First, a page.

How to avoid a Stuxnet of your own
As industrial control systems become networked, IT security becomes a pressing issue
- By William Jackson
- Jun 10, 2011
The use of standardized IP technology in the industrial control systems that underlie the nation’s critical infrastructure has introduced new vulnerabilities, highlighted by the appearance in 2010 of the Stuxnet worm.
Although Stuxnet apparently is targeted at a specific piece of equipment being used for a specific purpose, it illustrates the need to adequately secure these networked systems against intentional attacks and accidents.
The National Institute of Standards and Technology has published guidelines for this in Special Publication 800-82, Guide to Industrial Control Systems (ICS) Security.
Stuxnet reveals vulnerabilities in industrial controls
The publication provides guidance on securing ICS, including Supervisory Control and Data Acquisition (SCADA) systems, Distributed Control Systems (DCS), and other control system configurations such as Programmable Logic Controllers (PLC). It includes an overview of ICS and typical system topologies, identifies typical threats and vulnerabilities to these systems, and provides recommended security countermeasures to mitigate the associated risks.
“These control systems are vital to the operation of the U.S. critical infrastructures that are often highly interconnected and mutually dependent systems,” the publication states. Although the majority of such systems are privately owned and operated, they also perform critical functions for agencies, including supporting air traffic control operations.
The evolving nature of industrial control systems over the past decade has focused attention on them as a specific area of risk.
“Initially, ICS had little resemblance to traditional information technology systems in that ICS were isolated systems running proprietary control protocols using specialized hardware and software,” NIST says in publication.
But as ICS adopt IT solutions to improve connectivity and allow remote access, “they are starting to resemble IT systems,” the report says. “This integration supports new IT capabilities, but it provides significantly less isolation for ICS from the outside world than predecessor systems, creating a greater need to secure these systems.”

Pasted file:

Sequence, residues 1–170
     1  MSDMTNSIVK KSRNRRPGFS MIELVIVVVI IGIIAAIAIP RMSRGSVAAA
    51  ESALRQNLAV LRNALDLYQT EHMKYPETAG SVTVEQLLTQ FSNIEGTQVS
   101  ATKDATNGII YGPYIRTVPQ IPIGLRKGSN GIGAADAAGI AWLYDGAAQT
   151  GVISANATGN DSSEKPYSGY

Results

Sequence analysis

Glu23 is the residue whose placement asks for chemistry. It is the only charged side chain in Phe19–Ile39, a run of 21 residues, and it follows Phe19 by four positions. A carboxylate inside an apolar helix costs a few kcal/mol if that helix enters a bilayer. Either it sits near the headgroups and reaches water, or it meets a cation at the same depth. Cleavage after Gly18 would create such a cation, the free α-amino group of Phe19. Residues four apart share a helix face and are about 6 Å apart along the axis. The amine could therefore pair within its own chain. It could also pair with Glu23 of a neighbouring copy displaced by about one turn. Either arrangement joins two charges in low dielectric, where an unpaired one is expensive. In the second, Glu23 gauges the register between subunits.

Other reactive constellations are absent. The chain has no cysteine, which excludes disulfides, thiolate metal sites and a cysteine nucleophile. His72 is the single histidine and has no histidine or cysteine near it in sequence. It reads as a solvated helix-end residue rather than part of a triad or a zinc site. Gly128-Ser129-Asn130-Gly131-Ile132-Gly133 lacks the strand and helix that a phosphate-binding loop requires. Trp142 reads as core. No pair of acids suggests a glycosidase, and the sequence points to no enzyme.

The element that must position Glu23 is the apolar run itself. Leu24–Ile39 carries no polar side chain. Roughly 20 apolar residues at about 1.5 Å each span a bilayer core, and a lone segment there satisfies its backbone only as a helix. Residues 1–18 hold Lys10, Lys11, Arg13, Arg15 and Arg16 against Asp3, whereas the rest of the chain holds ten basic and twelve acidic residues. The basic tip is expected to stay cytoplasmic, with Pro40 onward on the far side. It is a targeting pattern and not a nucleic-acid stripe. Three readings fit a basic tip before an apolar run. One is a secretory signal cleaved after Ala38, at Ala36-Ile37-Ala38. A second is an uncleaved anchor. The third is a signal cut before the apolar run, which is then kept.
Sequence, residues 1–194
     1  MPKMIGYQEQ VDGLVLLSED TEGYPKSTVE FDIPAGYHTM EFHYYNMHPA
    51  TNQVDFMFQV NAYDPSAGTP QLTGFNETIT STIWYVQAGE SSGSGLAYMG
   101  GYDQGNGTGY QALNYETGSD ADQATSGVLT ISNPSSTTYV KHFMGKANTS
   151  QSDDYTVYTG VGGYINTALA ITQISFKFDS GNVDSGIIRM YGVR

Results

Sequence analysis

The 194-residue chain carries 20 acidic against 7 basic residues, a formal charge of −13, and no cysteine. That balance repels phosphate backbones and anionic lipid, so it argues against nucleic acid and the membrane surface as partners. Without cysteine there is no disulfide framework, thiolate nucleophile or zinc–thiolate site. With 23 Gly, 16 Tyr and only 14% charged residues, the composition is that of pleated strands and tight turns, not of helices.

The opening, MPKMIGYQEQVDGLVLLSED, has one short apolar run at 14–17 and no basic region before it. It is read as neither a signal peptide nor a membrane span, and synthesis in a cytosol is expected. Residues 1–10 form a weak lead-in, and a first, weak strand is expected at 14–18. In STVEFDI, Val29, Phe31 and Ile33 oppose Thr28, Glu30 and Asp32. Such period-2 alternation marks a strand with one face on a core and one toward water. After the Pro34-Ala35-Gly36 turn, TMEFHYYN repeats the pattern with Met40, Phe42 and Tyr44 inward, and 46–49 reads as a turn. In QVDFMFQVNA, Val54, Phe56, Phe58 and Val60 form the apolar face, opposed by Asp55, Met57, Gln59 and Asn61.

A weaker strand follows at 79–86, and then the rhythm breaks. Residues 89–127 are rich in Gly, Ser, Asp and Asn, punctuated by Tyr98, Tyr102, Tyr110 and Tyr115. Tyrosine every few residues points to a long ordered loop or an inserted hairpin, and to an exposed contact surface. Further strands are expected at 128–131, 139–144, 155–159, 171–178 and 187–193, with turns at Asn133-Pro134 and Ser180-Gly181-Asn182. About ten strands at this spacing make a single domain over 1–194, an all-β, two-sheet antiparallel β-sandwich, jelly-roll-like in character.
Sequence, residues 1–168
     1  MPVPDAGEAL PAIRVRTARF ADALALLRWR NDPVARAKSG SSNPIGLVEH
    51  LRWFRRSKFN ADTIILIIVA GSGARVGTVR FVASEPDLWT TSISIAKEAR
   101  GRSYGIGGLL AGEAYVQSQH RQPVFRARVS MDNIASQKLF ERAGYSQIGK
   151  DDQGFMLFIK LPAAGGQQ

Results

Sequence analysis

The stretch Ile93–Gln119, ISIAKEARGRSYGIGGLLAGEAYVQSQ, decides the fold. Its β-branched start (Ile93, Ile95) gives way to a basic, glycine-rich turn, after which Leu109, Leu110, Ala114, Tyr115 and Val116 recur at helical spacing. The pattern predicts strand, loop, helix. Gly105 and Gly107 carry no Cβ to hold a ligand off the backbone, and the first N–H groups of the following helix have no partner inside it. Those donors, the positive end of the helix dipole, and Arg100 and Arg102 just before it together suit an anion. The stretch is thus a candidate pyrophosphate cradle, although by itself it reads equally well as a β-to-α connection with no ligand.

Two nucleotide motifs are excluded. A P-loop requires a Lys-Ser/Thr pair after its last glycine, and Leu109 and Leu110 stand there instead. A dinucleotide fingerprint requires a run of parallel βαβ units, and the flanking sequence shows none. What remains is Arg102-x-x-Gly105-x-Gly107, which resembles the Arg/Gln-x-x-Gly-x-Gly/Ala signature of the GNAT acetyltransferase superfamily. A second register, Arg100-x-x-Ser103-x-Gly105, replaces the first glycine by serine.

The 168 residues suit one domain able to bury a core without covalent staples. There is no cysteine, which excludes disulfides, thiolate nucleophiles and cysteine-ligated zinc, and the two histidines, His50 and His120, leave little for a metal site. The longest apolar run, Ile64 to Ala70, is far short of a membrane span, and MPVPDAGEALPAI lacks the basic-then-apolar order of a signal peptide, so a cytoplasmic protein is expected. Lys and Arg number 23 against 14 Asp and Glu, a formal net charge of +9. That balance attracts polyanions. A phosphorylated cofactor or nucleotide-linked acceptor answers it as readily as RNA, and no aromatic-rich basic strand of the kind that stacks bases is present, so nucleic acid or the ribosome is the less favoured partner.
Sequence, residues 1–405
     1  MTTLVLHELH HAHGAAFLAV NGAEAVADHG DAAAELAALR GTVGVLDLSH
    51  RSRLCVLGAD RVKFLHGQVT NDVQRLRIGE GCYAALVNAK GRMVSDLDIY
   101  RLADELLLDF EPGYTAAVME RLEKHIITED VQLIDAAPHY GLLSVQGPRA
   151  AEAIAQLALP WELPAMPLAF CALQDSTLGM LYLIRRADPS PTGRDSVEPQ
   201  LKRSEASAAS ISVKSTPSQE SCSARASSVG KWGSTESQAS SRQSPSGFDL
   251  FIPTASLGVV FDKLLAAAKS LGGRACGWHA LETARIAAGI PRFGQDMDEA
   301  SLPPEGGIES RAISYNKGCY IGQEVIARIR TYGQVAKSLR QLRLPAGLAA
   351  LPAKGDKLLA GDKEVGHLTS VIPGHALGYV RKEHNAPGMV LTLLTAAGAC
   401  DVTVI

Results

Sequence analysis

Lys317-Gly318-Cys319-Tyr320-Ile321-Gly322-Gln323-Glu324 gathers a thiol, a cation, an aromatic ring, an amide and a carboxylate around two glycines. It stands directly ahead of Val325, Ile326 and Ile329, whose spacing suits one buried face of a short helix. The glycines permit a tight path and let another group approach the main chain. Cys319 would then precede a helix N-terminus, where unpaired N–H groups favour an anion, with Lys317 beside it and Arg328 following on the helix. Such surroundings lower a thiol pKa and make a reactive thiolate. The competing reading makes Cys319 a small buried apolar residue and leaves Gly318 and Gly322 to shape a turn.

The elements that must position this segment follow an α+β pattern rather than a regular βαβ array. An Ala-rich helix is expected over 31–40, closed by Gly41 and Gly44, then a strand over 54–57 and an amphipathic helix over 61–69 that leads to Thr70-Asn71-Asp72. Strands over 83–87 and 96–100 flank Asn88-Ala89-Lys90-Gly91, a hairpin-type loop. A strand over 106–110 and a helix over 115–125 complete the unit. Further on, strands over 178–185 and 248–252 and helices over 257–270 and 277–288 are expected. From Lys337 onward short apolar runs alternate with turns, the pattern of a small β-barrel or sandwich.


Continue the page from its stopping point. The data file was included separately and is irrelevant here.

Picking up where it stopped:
SP 800-82 grew out of work on an earlier NIST publication, SP 800-53, “Recommended Security Controls for Federal Information Systems,” originally published in 2005. An appendix on ICS security was added to that document in 2006. Earlier drafts of SP 800-82 were released in 2007 and 2008.
Although most controls specified for federal information systems in SP 800-53 apply to industrial control systems, some require ICS-specific adaptations or guidance. NIST has said that because of quickly changing ICS security landscape it is planning to again update the current document next year.
NIST identifies three broad categories of threats to industrial control systems:
- Intentional attacks.
- Unintentional consequences or collateral damage from malware or control system failures.
- Unintentional consequences from internal activities such as inappropriate testing or unauthorized system configuration changes.
Stuxnet is the most recent intentional attack cited in the document, and is the first worm to specifically target such systems.
Stuxnet is being described as the first cyberweapon, because of its ability to leverage IT system vulnerabilities to produce physical damage to a targeted system. Its authors have not been identified, but it appears to target specific Siemens controllers used in Iraqi uranium processing facilities.
NIST recommends a layered defense-in-depth strategy that addresses security throughout the ICS lifecycle, from architecture design through decommissioning. It includes security policies and training and isolating critical communications in the most secure and reliable layer. There should be physical and logical separation between corporate and ICS networks, with redundancy built into several networks avoid single points of failure.
ICS user privileges should be restricted, with separate authentication from the corporate network, using strong authentication techniques including Personal Identity Verification cards.